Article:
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Screen Print Frequently Asked Questions

What do I use to clean ink from screens?

Check with your supplier or distributor for "Plastisol Screen Wash". There are several different types, including "environment friendly" screen wash products. Mineral spirits can be used for general clean up of squeegees and spatulas. We recommend that you consult your local city and state regulations for the proper storage and disposal of any screen wash products.

What is the "shelf life" of your products?

By maintaining proper storage conditions, plastisol inks can have a shelf life of 2 years or more, depending on the ink product. Two-part inks, such as nylon inks, once mixed usually have a limited shelf-life. Refer to your inks' product bulletins. After time, inks should be stirred as separation can occur.

What does "flash" mean?

"Flash" refers to when a printer heats the surface of an ink so it is dry to the touch. It also can refer to the actual "flash cure unit". Flashed inks are not cured inks!

What does "cure" mean?

"Cure" occurs when the entire plastisol ink film fuses and becomes a single solid entity. For an ink to fuse fully, the entire film thickness must reach its correct cure temperature.

Can I throw away the inks I use in the trash?

No. Disposing of inks in the trash is not recommended. Check with your local and state regulatory authorities regarding the proper disposal of ink products. Be responsible! Improper disposal may result in stiff civil or criminal penalties.

Can I intermix other companies' inks if I need a special color?

It shouldn't be a problem, but we recommend that you first test print then wash test your garment before production. Although you should be fine in most cases, there may be instances of incompatibility between different branded products. Keep in mind, it is hard to go back to an ink company for technical help after you have intermixed different companies' ink products. If you do intermix inks, try to select inks that have the same cure or fusion temperature.

Why is "off-contact" printing important?

Screen-printing was designed as "off-contact" so that the ink will release from the screen once the squeegee has passed the desired image area. Without off-contact, the screen lifts up out of the ink creating an undesirable print effect.

Are plastisol inks considered hazardous and are they safe to use on children's garments?

Plastisol inks when properly handled and used are considered "non-hazardous". Lead-free plastisol inks properly applied are considered safe for children's garments. Some children's sleepwear may require "flame-retardant" inks. Always check the MSDS (Material Safety Data Sheet) for any product you are going to use.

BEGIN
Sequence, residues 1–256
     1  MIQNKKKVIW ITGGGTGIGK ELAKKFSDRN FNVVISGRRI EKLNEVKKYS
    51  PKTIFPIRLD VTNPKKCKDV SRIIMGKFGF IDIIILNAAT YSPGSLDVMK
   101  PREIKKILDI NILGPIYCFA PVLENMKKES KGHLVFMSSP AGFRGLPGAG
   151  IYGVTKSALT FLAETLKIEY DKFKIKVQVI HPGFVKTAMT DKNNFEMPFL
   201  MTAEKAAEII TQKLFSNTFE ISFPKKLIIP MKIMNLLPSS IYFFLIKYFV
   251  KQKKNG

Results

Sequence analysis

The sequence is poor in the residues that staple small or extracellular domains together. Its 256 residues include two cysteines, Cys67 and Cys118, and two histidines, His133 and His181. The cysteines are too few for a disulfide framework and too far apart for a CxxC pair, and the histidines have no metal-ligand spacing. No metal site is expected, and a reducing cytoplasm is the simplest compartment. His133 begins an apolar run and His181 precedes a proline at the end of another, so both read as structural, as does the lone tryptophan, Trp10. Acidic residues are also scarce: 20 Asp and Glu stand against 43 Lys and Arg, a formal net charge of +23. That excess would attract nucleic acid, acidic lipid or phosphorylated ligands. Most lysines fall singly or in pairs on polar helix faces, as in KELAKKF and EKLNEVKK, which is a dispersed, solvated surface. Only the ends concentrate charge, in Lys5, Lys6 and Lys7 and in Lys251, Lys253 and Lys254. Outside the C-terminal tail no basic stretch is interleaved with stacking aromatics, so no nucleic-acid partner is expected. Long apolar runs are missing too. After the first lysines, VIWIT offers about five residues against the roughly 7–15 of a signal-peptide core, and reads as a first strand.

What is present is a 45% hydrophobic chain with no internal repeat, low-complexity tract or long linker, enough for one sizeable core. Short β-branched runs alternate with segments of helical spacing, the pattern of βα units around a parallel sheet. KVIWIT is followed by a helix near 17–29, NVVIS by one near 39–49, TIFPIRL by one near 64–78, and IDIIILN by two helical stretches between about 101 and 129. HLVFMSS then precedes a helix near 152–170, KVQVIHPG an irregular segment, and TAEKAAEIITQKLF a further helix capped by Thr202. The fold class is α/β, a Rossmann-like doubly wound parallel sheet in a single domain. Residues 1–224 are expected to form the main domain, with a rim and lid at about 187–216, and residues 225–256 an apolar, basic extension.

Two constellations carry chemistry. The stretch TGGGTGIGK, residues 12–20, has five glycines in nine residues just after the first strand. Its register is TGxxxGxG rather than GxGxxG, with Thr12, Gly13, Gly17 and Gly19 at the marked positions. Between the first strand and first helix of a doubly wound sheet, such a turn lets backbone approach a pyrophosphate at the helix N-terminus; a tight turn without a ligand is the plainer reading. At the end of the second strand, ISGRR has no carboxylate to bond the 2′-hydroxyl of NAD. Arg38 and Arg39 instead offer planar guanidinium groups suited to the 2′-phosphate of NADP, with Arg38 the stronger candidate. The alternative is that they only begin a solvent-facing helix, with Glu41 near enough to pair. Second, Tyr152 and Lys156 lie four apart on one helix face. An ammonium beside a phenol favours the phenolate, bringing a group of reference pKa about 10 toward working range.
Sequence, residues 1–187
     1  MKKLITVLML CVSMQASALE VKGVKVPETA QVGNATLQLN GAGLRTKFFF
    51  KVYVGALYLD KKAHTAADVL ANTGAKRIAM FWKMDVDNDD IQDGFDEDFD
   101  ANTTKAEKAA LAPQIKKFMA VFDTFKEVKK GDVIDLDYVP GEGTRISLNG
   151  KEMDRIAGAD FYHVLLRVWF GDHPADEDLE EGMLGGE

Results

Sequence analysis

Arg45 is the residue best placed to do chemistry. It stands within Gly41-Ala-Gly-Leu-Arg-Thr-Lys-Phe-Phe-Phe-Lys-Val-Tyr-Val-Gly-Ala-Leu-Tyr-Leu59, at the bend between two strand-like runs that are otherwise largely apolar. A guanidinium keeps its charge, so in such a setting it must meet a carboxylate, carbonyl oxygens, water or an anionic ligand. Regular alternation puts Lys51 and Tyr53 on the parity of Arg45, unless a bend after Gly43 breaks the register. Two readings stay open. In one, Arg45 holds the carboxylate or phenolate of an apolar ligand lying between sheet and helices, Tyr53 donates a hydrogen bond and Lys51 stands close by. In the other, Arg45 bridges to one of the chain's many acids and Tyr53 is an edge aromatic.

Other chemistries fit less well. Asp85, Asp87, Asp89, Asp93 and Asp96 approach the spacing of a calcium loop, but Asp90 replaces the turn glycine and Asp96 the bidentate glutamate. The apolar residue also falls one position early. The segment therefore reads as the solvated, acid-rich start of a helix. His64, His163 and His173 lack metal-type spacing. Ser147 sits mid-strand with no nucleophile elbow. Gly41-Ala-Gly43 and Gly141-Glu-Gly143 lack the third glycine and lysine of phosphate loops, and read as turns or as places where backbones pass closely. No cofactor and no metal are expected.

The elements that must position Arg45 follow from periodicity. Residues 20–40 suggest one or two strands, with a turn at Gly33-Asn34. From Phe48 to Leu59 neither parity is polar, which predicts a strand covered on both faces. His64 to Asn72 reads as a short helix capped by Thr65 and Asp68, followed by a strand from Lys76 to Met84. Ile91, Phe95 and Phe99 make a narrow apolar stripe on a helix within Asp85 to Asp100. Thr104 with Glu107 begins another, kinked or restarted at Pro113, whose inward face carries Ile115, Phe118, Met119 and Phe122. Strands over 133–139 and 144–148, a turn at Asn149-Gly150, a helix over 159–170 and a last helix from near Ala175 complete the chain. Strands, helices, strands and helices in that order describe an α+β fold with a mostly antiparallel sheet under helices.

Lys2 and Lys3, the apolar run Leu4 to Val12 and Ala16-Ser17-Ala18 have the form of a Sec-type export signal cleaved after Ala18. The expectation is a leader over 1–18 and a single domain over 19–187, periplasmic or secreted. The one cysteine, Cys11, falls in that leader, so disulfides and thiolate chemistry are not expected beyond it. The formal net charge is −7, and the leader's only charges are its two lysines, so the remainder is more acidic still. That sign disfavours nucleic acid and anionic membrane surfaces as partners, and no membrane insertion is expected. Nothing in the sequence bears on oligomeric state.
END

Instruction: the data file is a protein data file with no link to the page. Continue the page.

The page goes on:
Are your inks safe to use?

Yes, used properly according to our recommendations, our inks are considered safe. Always check the MSDS (Material Safety Data Sheet) for any product you are going to use.

How or why should I modify an ink and when?

Knowing how, why, and when to modify an ink comes with experience. Most commonly, printers modify inks with reducers to bring down viscosity when inks are too thick, or with soft hand extenders to soften the hand or feel on white or light colored garments. Be sure to follow the manufacturers' guidelines and USE a scale. Be careful! Over modifying an ink or using incompatible products will create problems.

Why are there so many different "whites"?

Because it is such a critical color, International Coatings and others formulate specific white inks to accommodate the wide range of garments and applications printers are likely to run into. Printers can select white inks based on such factors as bleed, opacity, flash and cure characteristics, or printability.

What is the best "white" to use?

Unfortunately, there is no simple answer to this question. Ask yourself what you want from your white ink. Your answer should depend on the garment, art, desired effect, press, dryer, etc. Then talk with your supplier or ink manufacturer about which white they recommend.

Why is my ink so thick and what can I do or use to thin it?

Plastisol inks can thicken over time, just sitting on the shelf. We recommend that you try stirring or mixing the ink. This will help break down the "false body" that inks can get after long periods of storage. If stirring or mixing is not sufficient, use our "Curable Reducer" at the recommended percentages.


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Recommendations and statements made are based on International Coatings' research and experience. Since International Coatings does not have any control over the conditions of use or storage of the product sold, International Coatings cannot guarantee the results obtained through use of its’ products. All products are sold and samples given without any representation of warranty, expressed or implied, of fitness for any particular purpose or otherwise, and upon condition that the buyer shall determine the suitability of the product for its own purpose. This applies also where rights of third parties are involved. It does not release the user from the obligation to test the suitability of the product for the intended purpose and application. Rev72600

 

 

 

 

 

 

 

 

 

 

 

 

 

 

 

 

 

 

   
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